Nelson triathlon a stepping stone
Fashions come and go in the sports world. I don't know exactly when the jogging craze took off, but I Googled "Peter Snell 1960" and found a YouTube clip of Snell winning the 800m at the Rome Olympic Games. How inspirational was that?
I was only 12 at the time. In those days, you heard the news of the games over the radio and in the newspaper. Six to 12 months later, a movie of the highlights would arrive.
I remember watching it and running all the way home in the darkness, feeling as if I, too, was an Olympic athlete, instead of a lowly third former at Whangarei Boys' High School.
The philosophy of Arthur Lydiard started to percolate through running circles, but it was James Fixx's 1977 work, The Complete Book of Running, that firmly established the running craze in the United States.
It spread around the world, with the marathon becoming the rite of passage that hobby runners aspired to - never mind if they were suited to it or sufficiently well prepared.
It was a strange irony that in 1984, at the age of 52, Fixx died of a heart attack while running, causing all sceptical couch potatoes to chorus "I told you so."
The running craze fragmented into various distances, then cycling came along, to be splintered in turn to road and mountainbike disciplines.
Triathlon got into the mix and so did sea swimming. Now there's an infinite variety of sport, but as the options have increased, so has the number of people taking part.
We're healthier as a nation for it, despite obesity being on the rise.
Strangely, the half-ironman distance triathlon has become the latest challenge to aspire to.
On the back of that, more and more runners and cyclists are looking to the pool to add the third and scariest discipline.
The Nelson Mail Team Triathlon offers the ideal environment for people to face their swimming fears and have a preliminary skirmish in the triathlon world.
Stuart Hague is well known as the face of Athletics Nelson. He's at all the pub runs, half-marathon and club races through the winter.
Stu entered his first half-marathon in 1986, when he ran Buller. Since then he's racked up two marathons and more than 150 half-marathons and countless other events.
He blames his mates in team Yeah Nah for his entry into the team tri - they blame him.
Whatever the truth, a prime motivation for their entry is the support of their mates and the desire to beat them.
As Stu says, "results don't really matter but as always I would like to have a better overall time than my team-mates, as the slowest shouts the first round".
The non-intimidating nature of the race helped Graeme Sellars with his decision to be part of a team.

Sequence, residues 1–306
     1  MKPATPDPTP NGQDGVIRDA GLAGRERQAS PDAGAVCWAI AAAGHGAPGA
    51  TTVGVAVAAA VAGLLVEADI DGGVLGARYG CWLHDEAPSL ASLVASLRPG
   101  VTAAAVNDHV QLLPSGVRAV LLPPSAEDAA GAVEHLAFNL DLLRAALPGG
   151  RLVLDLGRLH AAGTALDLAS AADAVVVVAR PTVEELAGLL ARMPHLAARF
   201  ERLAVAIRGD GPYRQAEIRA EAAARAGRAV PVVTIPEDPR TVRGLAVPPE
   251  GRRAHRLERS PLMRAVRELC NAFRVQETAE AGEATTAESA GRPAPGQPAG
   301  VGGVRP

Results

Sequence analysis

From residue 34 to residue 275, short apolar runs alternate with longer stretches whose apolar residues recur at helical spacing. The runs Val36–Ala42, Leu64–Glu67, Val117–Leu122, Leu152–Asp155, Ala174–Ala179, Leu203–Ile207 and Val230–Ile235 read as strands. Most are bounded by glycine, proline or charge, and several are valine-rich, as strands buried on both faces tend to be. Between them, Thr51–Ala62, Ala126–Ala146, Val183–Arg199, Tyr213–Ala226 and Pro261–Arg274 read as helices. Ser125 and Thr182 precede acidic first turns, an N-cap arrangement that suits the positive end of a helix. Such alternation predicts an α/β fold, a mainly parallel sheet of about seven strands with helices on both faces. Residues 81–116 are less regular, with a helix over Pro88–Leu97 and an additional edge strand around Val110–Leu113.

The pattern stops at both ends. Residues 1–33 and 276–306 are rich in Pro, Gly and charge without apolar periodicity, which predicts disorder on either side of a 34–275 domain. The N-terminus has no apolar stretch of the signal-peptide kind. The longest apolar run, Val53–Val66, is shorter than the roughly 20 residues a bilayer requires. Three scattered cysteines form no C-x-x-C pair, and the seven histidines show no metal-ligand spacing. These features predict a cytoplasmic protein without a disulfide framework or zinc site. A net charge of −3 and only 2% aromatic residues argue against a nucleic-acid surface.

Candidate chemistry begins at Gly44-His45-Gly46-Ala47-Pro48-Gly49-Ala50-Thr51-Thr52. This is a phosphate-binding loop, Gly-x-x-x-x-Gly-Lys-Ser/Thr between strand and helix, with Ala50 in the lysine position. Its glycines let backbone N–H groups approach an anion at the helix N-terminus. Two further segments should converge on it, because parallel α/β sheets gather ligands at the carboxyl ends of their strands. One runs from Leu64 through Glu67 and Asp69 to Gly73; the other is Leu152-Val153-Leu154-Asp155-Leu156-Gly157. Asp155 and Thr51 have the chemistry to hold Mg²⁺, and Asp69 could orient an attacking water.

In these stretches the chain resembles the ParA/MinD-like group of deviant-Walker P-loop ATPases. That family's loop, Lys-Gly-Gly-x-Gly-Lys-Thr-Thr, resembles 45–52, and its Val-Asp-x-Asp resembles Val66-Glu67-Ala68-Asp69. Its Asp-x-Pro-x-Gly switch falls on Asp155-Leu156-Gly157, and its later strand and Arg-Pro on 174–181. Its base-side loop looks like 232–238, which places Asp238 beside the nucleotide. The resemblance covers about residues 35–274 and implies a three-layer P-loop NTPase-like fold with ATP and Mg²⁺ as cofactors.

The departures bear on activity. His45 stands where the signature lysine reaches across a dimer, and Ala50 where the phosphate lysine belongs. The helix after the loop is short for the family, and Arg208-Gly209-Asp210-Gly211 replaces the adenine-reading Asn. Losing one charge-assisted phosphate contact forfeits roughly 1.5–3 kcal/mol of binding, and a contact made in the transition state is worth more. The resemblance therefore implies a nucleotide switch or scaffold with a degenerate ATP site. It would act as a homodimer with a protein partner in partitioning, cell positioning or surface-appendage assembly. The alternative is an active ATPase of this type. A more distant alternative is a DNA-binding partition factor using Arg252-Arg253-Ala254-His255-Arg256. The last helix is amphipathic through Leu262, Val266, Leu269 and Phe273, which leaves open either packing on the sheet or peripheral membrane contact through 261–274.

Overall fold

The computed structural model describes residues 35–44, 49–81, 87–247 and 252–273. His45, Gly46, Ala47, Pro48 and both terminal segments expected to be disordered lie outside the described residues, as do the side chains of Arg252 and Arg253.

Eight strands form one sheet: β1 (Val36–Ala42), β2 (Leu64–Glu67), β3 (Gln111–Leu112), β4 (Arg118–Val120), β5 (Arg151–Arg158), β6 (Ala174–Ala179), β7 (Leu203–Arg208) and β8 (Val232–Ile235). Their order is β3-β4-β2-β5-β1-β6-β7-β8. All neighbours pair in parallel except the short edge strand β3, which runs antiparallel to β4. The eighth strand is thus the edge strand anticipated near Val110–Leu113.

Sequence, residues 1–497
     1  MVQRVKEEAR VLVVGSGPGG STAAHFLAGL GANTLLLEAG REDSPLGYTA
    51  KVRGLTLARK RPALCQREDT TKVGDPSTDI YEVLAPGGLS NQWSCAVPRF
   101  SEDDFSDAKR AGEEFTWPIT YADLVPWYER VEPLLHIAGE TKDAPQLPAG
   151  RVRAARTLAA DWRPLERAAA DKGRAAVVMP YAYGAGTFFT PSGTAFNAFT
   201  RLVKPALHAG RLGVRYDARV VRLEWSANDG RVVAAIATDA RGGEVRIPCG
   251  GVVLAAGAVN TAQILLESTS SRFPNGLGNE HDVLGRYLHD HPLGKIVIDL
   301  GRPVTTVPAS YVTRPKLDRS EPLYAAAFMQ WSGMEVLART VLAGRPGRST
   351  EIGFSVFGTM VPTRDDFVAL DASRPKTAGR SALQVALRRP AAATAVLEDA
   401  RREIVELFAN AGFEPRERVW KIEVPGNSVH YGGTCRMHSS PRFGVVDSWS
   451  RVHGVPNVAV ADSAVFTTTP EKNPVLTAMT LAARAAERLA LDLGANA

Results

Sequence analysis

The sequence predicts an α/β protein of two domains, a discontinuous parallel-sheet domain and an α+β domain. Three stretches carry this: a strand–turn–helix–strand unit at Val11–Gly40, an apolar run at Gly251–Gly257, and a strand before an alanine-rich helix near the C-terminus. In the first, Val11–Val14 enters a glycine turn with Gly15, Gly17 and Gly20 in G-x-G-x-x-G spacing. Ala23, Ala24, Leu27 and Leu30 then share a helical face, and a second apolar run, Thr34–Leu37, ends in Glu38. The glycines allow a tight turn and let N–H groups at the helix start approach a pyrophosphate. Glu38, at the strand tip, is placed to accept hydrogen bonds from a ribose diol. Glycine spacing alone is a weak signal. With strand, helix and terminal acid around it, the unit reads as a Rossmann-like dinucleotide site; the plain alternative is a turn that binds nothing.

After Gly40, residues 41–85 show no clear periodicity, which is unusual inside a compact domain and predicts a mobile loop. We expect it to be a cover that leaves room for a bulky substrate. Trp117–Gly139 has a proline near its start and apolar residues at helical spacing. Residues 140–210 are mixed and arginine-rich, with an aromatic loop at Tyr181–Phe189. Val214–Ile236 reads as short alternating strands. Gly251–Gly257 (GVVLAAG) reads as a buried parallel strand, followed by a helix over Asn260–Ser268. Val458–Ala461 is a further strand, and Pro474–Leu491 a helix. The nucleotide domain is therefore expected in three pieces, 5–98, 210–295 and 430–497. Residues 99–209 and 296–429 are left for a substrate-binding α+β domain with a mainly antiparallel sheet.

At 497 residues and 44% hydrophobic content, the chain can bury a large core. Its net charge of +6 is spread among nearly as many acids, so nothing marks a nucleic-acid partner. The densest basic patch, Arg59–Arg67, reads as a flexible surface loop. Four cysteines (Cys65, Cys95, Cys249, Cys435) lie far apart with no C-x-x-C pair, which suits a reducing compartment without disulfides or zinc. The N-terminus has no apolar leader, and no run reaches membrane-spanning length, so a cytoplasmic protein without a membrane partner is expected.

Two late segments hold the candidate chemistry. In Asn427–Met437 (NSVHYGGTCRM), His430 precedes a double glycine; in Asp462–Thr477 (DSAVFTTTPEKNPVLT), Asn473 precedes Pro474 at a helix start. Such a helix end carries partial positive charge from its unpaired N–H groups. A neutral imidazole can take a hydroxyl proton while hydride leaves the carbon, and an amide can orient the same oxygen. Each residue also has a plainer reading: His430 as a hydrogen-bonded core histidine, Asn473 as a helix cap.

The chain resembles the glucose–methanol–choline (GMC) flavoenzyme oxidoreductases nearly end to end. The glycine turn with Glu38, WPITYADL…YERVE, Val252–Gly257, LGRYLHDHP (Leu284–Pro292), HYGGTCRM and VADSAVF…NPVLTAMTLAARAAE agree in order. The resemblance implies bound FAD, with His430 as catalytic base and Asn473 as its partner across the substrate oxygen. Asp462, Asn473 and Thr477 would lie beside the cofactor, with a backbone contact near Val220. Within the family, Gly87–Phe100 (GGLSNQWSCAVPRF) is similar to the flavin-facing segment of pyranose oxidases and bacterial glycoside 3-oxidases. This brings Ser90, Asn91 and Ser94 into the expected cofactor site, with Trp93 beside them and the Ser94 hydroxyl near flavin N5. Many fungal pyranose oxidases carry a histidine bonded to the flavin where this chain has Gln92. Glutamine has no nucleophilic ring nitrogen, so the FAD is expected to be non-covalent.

"We went to watch last year and I was so inspired watching all kinds of people taking part and having fun, I knew at that point I wanted to be part of the event."
Yvonne Shaw is noted as a race walker. In 2006, she was 30kg heavier than she is today.
She started running, but switched to the walk discipline. In 2007, she was third in her age group of recreational walkers at the Buller half-marathon. The next year, she was first in all age groups, then she got into race walking.
The normal round of injuries has changed her to a runner and she will try that at Buller next week.
What all the team members have in common is that they are well experienced athletes ready for a new challenge.
The universal challenge is the swim. For the past two years they've considered doing the team tri and said "yeah", then said "nah".
Yvonne was probably the first to take the initiative, having coaching sessions with Lionel Padial.
She has given the other two some hints as they line up on Tahunanui Beach for regular swims.
Both Graeme and Yvonne have had a shot at the Port Nelson Sea Swims.
"I did my first sea swim last week. Was pretty scary. Nearly came last, but you have to start somewhere and I would love to do a half-ironman," Yvonne said.
Graeme's first sea swim helped him conquer a few fears: "Up to last week's first sea swim, the biggest challenge would have to be the swim, but now it will probably be the bike leg and transition."
Stu hasn't swum much for 30 years. I've lent him a wetsuit and hope to see him at sea swims soon. He is an experienced competitor and when he mentioned to me that the half-ironman would be a good thing to do next year, I'm not entirely sure he was kidding.